function.

In fact, the `project()`

function returns coordinates on a virtual 2D plane, but with the same origin than the one we defined for our 3D space. However, we want the origin to be at the center of our canvas, that’s why we translate the coordinates: the vertex `(0,0)`

is not at the center of the canvas, but `(0 + dx,0 + dy)`

is, if we choose `dx`

and `dy`

wisely. As we want `(dx,dy)`

to be at the center of the canvas, we don’t have really the choice and we define `dx = canvas.width / 2`

and `dy = canvas.height / 2`

.

Finally, the last detail: why are we using `-y`

and not `y`

directly? The answer is in our choice of basis: the `z`

axis is directed to the top. Then, in our scene, a vertice with a positive z-coordinate will move up. However, on the canvas, the `y`

axis is directed to the bottom: a vertice with a positive y-coordinate will move down. That’s why we need to define the canvas’ y-coordinate on the canvas as the reverse of the z-coordinate of our scene.

Now that the `render()`

function is clear, it’s time to looks at `project()`

.

Let’s begin with orthographic projection. As it’s the simplest, it’s perfect to understand what we’ll do.

We have three coordinates, and we want only two. What’s the simplest thing to do in such a case? Remove one of the coordinates. And that’s what we do in orthographic view. We will remove the coordinate that represents the depth: the `y`

coordinate.

```
function project(M) {
return new Vertex2D(M.x, M.z);
}
```

You can now test all the code we wrote since the beginning of this article: it works! Congratulations, you just displayed a 3D object on a flat screen!

This function is implemented in the live example below, where you can interact with the cube by rotating it with your mouse.

Sometimes, an orthographic view is what we want, as it has the advantage of preserving the parallels. However, it’s not the most natural view: our eyes don’t see like that. That’s why we will see a second projection: the perspective view.

The perspective view is a bit more complex than the orthographic one, as we need to do some calculations. However, these calculations are not so complicated and you just need to know one thing: how to use the intercept theorem.

To understand why, let’s look at a schema representing the orthographic view. We projected our points on a plane in an orthogonal way.

But, in real life, our eyes act more like on the following schema.

Basically we have then two steps:

- We join the original vertex and the origin of the camera;
- The projection is the intersection between this line and the plane.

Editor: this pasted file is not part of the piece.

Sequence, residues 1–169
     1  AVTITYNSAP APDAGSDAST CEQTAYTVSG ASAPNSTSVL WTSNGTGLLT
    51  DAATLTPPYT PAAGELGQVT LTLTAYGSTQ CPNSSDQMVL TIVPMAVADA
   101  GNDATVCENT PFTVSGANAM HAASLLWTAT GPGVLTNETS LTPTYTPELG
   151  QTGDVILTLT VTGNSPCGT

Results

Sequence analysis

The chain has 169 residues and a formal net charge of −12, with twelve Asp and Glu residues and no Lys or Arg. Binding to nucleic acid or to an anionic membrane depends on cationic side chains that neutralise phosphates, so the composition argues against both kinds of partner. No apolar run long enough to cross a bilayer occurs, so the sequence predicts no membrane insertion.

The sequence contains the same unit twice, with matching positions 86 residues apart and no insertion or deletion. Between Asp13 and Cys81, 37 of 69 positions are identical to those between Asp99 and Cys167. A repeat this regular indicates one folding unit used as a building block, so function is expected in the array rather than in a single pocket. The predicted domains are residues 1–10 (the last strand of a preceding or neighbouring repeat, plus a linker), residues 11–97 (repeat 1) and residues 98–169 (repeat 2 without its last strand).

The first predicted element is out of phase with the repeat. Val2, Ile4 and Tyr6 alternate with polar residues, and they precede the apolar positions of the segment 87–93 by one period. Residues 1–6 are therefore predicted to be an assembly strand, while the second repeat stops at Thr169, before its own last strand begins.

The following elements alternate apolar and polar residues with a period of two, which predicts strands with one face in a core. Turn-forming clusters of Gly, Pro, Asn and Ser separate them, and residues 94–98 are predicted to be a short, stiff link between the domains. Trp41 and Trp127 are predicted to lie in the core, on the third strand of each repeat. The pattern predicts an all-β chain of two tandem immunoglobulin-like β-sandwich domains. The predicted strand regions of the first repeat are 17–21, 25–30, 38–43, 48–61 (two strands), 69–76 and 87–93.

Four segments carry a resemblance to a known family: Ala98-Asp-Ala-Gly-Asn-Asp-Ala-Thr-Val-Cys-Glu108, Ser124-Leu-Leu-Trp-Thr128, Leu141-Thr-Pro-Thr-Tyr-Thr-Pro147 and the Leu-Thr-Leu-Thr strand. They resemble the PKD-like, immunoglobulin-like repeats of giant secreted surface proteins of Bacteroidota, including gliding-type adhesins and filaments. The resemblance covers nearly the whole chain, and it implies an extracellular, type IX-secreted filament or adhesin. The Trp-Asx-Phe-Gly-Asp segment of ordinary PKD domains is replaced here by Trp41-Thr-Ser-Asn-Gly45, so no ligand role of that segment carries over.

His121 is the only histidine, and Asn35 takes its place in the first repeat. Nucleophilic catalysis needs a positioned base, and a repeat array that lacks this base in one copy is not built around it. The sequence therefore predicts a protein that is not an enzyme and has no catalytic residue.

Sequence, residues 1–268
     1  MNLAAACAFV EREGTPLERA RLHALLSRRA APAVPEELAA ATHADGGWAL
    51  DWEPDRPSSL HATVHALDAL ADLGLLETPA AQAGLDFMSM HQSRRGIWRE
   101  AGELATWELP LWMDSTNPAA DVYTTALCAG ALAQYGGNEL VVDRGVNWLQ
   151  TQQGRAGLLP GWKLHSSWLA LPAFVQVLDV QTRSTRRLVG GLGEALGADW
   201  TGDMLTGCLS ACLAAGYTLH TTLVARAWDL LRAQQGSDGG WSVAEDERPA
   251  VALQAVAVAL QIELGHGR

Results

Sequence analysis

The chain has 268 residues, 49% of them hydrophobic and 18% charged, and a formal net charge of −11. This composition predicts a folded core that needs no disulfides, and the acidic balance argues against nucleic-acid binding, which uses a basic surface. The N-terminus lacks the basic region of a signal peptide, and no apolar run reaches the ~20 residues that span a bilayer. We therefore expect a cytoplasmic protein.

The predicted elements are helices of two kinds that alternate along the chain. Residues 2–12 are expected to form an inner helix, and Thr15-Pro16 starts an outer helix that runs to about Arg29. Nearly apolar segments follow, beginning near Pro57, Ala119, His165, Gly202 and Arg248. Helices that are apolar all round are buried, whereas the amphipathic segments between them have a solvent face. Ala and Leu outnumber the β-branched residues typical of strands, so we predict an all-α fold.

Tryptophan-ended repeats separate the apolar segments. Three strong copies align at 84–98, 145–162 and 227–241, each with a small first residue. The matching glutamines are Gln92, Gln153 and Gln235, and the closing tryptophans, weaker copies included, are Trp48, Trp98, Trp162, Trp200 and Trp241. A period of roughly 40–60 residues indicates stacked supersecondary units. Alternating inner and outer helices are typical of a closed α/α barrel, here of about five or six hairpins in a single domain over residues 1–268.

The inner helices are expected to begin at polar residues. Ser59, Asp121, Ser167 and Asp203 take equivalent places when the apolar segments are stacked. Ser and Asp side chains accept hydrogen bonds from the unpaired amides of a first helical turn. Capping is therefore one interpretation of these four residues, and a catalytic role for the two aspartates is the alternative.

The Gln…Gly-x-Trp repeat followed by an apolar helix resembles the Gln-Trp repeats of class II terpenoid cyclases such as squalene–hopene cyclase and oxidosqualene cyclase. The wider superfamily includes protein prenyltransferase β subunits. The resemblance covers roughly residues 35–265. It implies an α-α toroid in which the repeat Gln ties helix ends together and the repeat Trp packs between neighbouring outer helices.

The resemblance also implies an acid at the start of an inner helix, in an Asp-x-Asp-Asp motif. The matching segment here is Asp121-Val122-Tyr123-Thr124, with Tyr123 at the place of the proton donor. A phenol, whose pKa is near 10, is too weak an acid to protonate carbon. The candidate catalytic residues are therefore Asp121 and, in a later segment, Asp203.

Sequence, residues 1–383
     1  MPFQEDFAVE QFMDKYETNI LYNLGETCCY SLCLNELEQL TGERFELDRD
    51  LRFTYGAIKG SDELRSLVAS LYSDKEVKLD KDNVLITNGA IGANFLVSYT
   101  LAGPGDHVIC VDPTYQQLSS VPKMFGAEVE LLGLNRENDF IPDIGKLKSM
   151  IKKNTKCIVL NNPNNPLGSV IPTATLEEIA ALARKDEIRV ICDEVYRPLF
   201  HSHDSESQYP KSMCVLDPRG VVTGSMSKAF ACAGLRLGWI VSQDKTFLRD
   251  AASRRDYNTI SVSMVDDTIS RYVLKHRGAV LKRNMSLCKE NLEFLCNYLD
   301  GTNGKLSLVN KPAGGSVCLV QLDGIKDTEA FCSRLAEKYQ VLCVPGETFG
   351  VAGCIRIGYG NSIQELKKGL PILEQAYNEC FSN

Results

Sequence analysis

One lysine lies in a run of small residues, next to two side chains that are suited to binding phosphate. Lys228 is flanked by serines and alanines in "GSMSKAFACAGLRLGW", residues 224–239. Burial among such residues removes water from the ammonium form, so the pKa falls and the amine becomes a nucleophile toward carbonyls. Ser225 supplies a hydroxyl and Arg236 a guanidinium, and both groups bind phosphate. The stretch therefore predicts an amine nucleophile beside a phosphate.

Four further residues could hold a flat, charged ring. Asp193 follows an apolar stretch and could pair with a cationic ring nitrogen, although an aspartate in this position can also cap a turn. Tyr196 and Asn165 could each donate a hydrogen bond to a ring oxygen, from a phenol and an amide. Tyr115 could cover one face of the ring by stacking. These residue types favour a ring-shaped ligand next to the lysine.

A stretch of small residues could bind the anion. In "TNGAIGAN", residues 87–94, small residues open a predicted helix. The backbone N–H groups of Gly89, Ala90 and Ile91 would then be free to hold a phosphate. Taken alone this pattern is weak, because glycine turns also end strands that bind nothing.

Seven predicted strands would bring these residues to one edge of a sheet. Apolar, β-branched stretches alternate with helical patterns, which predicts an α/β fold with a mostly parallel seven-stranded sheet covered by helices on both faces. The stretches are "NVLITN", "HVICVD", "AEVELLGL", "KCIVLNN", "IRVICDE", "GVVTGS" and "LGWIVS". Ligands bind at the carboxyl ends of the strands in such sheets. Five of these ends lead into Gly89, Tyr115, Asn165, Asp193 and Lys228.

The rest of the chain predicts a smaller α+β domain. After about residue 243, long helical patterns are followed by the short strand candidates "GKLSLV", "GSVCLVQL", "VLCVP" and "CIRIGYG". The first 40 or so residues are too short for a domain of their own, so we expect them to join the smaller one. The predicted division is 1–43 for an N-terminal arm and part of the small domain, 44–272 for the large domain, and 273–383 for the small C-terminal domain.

Contrary to the orthographic view, the exact location of the plane here is important: if you place the plane far from the camera, you won’t obtain the same effect than if you place it close to it. Here we place it at the distance `d`

from the camera.

Starting from a vertex `M(x,y,z)`

in the 3D space, we want to calculate the coordinates `(x',z')`

of the projection `M'`

on the plane.

To guess how we will calculate these coordinates, let’s take another point of view and see the same schema as above, but seen from the top.

We can recognize a configuration used in the intercept theorem. On the schema above, we know some values: `x`

, `y`

and `d`

, among others. We want to calculate `x'`

so we apply the intercept theorem and obtain this equation: `x' = d / y * x`

.

Now, if you look at the same scene from a side, you get a similar schema, allowing you to obtain the value of `z'`

thanks to `z`

, `y`

and `d`

: `z' = d / y * z`

.

We can now write the `project()`

function using the perspective view:

```
function project(M) {
// Distance between the camera and the plane
var d = 200;
var r = d / M.y;
return new Vertex2D(r * M.x, r * M.z);
}
```

This function can be tested in the live example below. Once again, you can interact with the cube.

Our (very basic) 3D engine is now ready to display any 3D shape we want. There are some things you could do to enhance it. For example, we see every face of our shapes, even the ones at the back. To hide them, you could implement back-face culling.

Also, we didn’t talk about textures. Here, all our shapes share the same color. You can change that by, for example, adding a `color`

property in your objects, to know how to draw them. You can even choose one color per face without changing a lot of things. You can also try to display images on the faces. However, it’s more difficult and detailing how to do such a thing would take a whole article.

Other things can be changed. We placed the camera at the origin of the space, but you can move it (a change of basis will be needed before projecting the vertices). Also, vertices placed behind the camera are here drawn, and that’s not a thing we want. A clipping plane can fix that (easy to understand, less easy to implement).

As you see, the 3D engine we built here is far to be complete, and it’s also my own interpretation. You can add your own touch with other classes: for example, Three.js uses a dedicated class to manage the camera and the projection. Also, we used basic math to store the coordinates, but if you want to create a more complex application and if you need, for instance, to rotate a lot of vertices during a frame, you won’t have a smooth experience. To optimize it, you will need some more complex math: homogeneous coordinates (projective geometry) and quaternions.